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The black-clad beast gets a sexier upgrade. - 94%

hells_unicorn, February 10th, 2019
Written based on this version: 2019, CD, Nuclear Blast (Digipak)

The musical journey of Finnish songwriter and arguably ironic innovator Anton Kabanen has been, if nothing else, impossible to ignore. Though arguably born out of the more AOR and restrained incarnation of power metal that was all the rage in the mid-2000s, his original project Battle Beast (which still rages on without him), had a very different take on things that would become one of several alternatives by the dawn of the present decade. Consisting of a marriage of pop songwriting that featured a synthesizer-happy stylistic reminiscence on early to mid-80s post-disco with a melodic yet biting form of female-fronted heavy metal that drew heavy comparison to Warlock and mid-80s Accept (circa the Metal Heart album), Anton and company staked out a niche all their own amid a metal scene that was drifting gradually back towards the fast-paced power metal of the early 2000s. Three albums deep into their rush to the helm of the melodic metal world, Kabanen cut ties with his former band and staked out a fresh take on the hybrid sound he helped popularize, featuring a more power metal-oriented presentation, thus was born Beast In Black.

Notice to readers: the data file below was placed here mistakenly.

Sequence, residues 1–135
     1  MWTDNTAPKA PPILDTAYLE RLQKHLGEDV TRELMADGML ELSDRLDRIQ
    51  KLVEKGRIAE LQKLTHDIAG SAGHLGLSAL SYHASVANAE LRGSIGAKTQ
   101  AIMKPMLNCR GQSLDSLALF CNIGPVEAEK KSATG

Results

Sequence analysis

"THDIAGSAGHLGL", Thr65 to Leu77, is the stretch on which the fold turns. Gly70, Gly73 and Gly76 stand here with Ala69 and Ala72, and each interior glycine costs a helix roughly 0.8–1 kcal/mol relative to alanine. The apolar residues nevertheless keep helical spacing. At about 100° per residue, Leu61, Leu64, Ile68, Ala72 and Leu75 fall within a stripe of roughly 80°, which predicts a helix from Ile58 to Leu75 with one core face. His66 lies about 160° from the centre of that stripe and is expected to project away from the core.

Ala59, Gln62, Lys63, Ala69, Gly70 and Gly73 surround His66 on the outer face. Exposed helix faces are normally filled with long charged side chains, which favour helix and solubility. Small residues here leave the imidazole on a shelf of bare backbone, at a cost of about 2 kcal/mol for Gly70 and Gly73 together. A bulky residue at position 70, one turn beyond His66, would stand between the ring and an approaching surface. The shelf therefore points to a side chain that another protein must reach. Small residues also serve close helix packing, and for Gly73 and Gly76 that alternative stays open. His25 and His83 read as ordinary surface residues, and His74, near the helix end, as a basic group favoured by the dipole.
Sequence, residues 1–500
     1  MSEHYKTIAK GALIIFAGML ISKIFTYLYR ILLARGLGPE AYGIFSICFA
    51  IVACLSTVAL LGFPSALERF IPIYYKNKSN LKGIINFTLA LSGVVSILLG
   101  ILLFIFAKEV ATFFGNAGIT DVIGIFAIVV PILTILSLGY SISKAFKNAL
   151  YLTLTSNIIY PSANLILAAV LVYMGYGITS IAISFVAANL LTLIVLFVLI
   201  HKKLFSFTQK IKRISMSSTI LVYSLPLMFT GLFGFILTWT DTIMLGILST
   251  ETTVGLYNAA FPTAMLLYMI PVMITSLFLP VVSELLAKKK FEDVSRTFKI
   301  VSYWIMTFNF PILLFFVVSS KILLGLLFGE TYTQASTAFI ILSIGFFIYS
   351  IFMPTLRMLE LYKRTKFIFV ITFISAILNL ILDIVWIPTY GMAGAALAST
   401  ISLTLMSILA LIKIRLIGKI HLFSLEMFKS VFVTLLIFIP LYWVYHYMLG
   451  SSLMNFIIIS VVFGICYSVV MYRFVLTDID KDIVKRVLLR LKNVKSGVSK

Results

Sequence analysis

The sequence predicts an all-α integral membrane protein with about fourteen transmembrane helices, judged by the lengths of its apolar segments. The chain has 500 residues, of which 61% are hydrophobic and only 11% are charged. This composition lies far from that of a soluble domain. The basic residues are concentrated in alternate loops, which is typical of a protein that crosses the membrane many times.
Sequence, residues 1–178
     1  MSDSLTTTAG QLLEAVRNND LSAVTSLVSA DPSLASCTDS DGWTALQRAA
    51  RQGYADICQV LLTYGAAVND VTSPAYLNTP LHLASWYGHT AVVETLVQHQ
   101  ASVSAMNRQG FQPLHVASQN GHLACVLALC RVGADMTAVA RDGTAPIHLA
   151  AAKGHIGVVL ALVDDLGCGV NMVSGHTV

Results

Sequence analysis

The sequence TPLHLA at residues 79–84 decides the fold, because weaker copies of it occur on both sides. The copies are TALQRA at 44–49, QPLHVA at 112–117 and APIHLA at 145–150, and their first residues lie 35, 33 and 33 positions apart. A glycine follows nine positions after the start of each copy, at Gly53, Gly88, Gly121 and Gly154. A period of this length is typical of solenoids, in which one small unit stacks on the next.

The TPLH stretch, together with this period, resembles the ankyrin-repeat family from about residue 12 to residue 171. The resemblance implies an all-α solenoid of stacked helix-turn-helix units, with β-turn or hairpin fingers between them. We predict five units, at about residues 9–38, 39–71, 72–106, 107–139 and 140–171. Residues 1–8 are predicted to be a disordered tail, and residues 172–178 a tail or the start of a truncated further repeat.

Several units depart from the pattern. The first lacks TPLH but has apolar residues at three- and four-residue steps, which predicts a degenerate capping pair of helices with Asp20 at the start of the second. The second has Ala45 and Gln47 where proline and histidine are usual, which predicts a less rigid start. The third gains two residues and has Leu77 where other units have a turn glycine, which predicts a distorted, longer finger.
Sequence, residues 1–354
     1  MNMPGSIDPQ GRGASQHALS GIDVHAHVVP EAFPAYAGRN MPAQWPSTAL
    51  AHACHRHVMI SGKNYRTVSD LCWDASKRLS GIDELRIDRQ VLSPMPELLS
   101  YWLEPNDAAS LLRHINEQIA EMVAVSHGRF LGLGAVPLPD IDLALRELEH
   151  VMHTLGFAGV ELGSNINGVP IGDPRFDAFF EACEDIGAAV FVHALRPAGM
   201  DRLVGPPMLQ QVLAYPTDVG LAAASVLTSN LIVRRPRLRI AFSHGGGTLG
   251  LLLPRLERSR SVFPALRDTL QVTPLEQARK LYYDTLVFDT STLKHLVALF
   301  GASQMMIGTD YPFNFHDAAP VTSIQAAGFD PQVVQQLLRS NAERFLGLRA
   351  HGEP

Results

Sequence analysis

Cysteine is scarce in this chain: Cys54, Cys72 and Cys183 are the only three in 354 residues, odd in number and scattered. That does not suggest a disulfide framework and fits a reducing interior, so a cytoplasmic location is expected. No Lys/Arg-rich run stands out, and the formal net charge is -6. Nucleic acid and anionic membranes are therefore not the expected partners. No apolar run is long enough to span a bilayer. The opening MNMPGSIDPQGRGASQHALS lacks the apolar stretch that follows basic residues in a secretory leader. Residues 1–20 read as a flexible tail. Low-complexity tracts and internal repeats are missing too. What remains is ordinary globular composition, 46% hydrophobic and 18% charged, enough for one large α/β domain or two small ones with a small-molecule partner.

Following a highly impressive debut effort a couple years ago in Berserker, that some fans of Battle Beast would argue was the true continuation of said band, a veritable monster of a follow up has been unleashed in From Hell With Love. The less than subtle play on the title of an iconic James Bond story and film isn’t the only blast from the past to round out this album’s musical and lyrical contents, yet it comes in a fresh and highly polished package fit for the year that will ultimately end with the demise of the 2010s. Likewise, barring the exodus of drummer Sami Hanninen and the entry of his replacement Atte Palokangas, along with a pristine Amazonian bombshell riding atop the band’s beastly mascot adorning the album cover, this opus opts to change little from the formula of its predecessor apart from further distilling things for a more concentrated punch of melodic hooks and metallic edge. From 80s retro synthesizers, Iron Maiden-inspired riff work, and shred-happy guitar gymnastics to the high-pitched wails and versatile vocal personality of Yannis Papadopoulos with his occasional parallels to Udo Dirkschneider and Heavenly’s Ben Sotto, the sky is the proverbial limit.